By Habibu Maaruf Abdu
Since its inception, the Hausa film industry, aka Kannywood, has not been cinema-oriented. This is primarily due to the filmmakers’ lack of technology to make cinema-compliant productions and the negative perceptions of the cinemas by the industry’s immediate/target audience (the Muslim Hausa populace). Therefore, video film media (i.e. cassettes and CDs) became the cinema equivalent in Kannywood and remained its sole market. However, the industry later crashed after the scourge of piracy and the emergence of online video-viewing platforms, like Youtube, forced those video film media out of business.
Subsequently, many reputable production companies had to close shop or remain practically inactive. In contrast, some low-class and Chamama (comedy) producers kept on as their films are mostly cheaply made and targeted the masses who are less conscious of modern viewing facilities. It was until the establishment of Filmhouse Cinema at the Kano Shoprite that the film business starts sprouting up again. Big budgeted Kannywood movies, made with state-of-the-art technology, began to overflow the only multiplex cinema.
Also, as people accept and patronise the cinema more, comes a realisation of the need to enhance film shows. Thus, the industry signed a deal with some cinema owners in Kano to show some selected films during the 2018 Eid festival. However, there is a more profound development recently. Platinum, another multiplex cinema for screening Kannywood movies, was opened in Kano.
The emergence of these multiplex cinemas is a welcome development for Kannywood. We all know that it’s on the cinemas that film industries stand. If the mighty Hollywood and Bollywood, for instance, still retain cinemas as the prime platforms for releasing their films, there is no other way for the embattled yet up-and-coming film industry. TV stations and online platforms (Netflix, Amazon Prime, iRokoTV, Northflix, etc.) should be more beneficial for the audience in Diaspora, as proposed by a Kannywood scholar, Muhsin Ibrahim.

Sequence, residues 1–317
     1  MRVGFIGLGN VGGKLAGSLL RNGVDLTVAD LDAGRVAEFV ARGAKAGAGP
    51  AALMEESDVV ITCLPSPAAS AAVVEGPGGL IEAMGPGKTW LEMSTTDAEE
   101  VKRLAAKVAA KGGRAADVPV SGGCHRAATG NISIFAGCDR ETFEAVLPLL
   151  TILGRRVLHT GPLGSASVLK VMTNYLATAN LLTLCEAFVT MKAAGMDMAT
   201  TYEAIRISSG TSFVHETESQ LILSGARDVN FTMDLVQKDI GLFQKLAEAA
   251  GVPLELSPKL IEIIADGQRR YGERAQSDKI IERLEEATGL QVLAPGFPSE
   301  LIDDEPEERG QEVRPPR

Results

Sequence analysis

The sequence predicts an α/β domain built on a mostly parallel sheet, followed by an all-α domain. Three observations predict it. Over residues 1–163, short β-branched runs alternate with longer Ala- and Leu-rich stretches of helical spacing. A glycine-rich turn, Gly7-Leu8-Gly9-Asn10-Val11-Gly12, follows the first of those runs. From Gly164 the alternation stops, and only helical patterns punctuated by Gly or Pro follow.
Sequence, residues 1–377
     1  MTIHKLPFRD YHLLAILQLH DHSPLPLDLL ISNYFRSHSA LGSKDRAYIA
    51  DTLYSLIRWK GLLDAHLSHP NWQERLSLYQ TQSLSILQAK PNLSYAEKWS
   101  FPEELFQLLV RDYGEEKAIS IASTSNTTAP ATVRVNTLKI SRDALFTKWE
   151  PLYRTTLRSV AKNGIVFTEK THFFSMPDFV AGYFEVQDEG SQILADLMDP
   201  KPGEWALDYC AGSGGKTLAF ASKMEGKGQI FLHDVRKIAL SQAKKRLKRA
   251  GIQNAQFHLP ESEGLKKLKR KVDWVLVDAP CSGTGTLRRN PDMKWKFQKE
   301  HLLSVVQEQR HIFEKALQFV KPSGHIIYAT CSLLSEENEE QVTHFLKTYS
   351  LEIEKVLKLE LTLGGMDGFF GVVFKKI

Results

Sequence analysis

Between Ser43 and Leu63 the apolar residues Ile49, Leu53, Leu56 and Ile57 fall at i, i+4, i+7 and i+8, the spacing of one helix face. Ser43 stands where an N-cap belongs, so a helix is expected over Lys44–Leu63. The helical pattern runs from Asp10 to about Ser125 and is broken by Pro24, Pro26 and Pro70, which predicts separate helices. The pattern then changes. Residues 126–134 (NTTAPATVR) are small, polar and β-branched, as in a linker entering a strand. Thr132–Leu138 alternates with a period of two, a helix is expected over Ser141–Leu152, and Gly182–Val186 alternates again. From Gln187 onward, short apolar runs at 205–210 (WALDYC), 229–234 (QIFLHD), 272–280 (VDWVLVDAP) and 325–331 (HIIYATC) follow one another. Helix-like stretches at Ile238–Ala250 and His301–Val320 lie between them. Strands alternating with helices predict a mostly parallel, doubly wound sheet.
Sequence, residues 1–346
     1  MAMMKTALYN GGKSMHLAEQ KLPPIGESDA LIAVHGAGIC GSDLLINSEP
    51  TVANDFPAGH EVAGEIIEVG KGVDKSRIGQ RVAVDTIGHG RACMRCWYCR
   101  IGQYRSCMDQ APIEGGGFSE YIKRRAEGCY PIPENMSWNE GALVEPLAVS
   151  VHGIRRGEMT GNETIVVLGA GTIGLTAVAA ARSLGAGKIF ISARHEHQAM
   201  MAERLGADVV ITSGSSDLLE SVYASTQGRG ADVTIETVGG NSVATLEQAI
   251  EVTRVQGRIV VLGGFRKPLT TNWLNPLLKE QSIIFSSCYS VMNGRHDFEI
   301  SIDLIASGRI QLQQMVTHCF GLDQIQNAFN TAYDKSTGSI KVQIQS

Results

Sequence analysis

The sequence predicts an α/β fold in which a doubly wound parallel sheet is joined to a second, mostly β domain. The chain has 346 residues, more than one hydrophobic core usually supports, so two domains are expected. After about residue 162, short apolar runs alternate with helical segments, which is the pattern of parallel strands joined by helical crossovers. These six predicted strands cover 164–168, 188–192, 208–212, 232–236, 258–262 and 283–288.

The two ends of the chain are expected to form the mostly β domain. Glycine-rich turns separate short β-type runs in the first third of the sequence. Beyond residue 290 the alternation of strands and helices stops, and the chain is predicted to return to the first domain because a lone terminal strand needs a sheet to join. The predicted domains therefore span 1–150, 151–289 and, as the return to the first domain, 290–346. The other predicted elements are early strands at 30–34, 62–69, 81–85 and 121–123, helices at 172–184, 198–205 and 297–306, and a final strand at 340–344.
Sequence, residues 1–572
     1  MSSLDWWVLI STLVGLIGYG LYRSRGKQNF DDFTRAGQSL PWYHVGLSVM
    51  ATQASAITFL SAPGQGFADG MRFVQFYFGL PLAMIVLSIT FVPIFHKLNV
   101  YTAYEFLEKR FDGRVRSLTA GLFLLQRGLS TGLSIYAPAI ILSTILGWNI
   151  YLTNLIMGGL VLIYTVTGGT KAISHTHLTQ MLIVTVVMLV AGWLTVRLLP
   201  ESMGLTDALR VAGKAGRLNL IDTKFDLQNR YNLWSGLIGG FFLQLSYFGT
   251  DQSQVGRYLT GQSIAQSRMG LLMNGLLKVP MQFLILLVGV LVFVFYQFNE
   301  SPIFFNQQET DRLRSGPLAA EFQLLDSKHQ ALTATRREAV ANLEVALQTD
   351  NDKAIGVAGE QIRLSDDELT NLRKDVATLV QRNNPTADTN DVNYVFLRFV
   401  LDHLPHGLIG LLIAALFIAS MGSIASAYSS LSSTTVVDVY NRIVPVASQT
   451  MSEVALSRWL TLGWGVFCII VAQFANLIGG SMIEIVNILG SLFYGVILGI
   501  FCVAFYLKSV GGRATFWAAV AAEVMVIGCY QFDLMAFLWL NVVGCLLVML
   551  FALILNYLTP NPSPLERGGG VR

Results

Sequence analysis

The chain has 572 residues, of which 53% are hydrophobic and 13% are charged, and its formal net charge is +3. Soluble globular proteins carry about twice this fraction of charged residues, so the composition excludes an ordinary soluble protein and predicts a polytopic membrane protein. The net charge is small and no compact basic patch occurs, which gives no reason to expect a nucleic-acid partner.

In addition, it’s high time we disregarded our anachronistic views against cinemas. These newly opened cinemas are, after all, modern and standard for all and sundry. Nor is it for thugs and whores. There is no smoking and drugs. They are multiplex, with each room having stylishly arranged rows of comfortable padded seats. They are peaceful places to get entertained and have fun in a completely different way from the open-air, single-screens we had before.
Our religious clerics should stop denouncing these cinemas. They should, instead, promote Kannywood in general for more decent and educated people to join the industry. Their bashings, often based on unfounded rumours, will never help matters. Kannywood has come to stay, and it’s better to have them in Kano, a more Islamic state, for the government to regulate their activities than elsewhere.
Finally, I emphasise what Muhsin Ibrahim suggests to our big men: instead of building a state of the art filling stations all around Kano, why don’t they construct cinema(s)? The market is there. They should conduct some feasibility research and invest in this business.
Habibu Maaruf Abdu writes from Kano, Nigeria. He can be reached at email@example.com.